It probably hasn’t escaped your notice that new car buyers are continuing to change their allegiance from spark ignition to compression ignition vehicles, and it won’t be long before diesel cars start outselling petrol cars – a shift that few would have predicted as little as 15 years ago.
In the first six months of 2008, diesels accounted for 43% of new car registrations. In 2006 that figure was 38%, so that’s an additional 5% of buyers swapping to oil burners in the last two years alone.
The diesel engine is continuously being improved, in terms of its fuel consumption, power outputs and, ultimately, refinement. Drivers of modern diesel vehicles expect to be able to just jump in, turn the key and go. It’s no longer acceptable to have to wait 8 to 10 seconds for a glow plug light to go out before you can start the engine. One of the reasons this is possible is because of the technical advances that have been made in glow plug design, in particular with the development of both twincoil technology and the latest third generation of glow plug – the New High Temperature Ceramic type, or NHTC. In this article we take a closer look at these latest types of plugs in more detail; the manufacturers spearheading the new technologies, and the major motor manufacturers adopting them as OE.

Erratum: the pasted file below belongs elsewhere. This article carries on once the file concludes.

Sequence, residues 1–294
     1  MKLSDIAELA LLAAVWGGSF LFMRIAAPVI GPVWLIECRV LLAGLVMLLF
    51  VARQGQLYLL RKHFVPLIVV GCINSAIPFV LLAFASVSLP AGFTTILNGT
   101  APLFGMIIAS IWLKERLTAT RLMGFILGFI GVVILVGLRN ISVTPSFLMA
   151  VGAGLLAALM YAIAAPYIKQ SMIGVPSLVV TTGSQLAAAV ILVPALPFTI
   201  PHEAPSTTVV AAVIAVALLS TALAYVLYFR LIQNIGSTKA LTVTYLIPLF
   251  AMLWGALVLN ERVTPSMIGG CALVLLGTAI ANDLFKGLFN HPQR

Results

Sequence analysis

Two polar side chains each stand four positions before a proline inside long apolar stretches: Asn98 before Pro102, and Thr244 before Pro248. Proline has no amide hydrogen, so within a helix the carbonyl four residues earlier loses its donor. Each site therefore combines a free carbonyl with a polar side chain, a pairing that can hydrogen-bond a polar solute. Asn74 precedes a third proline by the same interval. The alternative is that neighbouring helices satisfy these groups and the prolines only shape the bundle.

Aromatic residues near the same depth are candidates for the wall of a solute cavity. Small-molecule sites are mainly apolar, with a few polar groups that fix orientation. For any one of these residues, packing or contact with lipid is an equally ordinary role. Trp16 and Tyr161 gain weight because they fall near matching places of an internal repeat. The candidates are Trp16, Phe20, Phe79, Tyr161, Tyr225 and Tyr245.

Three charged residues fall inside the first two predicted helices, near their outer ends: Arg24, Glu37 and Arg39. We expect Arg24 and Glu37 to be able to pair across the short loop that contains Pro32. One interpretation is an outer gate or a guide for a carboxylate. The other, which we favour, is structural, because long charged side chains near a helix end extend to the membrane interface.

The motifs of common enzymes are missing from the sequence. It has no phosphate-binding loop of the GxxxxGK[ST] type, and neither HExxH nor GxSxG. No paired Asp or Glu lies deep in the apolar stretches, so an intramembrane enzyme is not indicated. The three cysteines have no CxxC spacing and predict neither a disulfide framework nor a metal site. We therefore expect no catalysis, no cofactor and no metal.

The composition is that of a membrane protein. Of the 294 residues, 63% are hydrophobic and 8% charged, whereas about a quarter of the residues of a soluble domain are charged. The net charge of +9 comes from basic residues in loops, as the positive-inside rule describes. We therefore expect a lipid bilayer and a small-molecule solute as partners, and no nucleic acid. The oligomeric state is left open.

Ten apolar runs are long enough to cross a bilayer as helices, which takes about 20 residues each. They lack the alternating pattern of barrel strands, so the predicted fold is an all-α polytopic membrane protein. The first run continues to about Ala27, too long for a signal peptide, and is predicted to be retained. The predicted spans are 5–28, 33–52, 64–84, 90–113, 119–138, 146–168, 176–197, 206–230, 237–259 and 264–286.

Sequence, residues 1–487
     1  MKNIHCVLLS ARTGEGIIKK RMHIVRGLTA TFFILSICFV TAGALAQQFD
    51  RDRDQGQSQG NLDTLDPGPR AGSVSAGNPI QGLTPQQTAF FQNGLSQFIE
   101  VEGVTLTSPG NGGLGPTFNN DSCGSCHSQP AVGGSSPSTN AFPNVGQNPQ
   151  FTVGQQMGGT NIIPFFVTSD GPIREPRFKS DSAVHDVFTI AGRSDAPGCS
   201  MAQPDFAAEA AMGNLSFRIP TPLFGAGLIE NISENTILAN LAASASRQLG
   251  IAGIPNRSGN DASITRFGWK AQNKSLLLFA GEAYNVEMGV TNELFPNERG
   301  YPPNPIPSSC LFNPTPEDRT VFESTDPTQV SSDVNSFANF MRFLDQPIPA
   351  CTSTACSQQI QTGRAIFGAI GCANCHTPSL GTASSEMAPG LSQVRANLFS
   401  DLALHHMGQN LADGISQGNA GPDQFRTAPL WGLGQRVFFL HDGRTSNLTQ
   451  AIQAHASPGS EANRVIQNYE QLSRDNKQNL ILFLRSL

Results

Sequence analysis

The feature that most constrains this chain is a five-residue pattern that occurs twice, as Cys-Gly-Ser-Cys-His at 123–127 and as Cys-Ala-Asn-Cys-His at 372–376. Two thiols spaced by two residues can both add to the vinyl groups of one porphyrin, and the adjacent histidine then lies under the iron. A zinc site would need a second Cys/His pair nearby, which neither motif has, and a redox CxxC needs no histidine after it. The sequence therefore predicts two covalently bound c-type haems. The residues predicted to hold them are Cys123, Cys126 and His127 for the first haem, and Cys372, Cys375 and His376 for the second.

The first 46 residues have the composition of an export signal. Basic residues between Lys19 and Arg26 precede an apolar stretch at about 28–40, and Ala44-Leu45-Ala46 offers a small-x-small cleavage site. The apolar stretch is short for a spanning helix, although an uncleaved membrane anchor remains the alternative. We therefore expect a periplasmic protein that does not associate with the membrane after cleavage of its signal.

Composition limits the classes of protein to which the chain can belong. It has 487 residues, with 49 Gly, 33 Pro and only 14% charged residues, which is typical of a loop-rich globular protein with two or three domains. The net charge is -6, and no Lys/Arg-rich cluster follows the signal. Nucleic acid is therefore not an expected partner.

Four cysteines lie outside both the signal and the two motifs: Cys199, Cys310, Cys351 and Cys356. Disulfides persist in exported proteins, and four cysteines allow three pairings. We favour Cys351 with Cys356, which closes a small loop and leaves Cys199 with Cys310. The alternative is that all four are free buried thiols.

Twin -coil Technology
Using twin-coil technology, a glow plug can be made to heat more quickly and then self-stabilise at the correct temperature. This type of plug is more resistant to misuse, as it will prevent overheating of the main coil and allows longer post glow periods, giving cleaner exhaust emissions.
Each twin-coil glow plug has been designed and tested to 7,000 heating cycles before being approved for production. This means that if the engine is started from cold twice per day, the glow plug could have a life expectancy of 10 years or more.
Glow plugs are probably far more intricate than you may imagine them to be. It takes precision laser welding to join the heating coils, which are then tested for maximum temperature and rate of temperature rise. This is to ensure that the glow plugs reach 850°C within a specified time.
NHTC Plugs – The 3rd Generation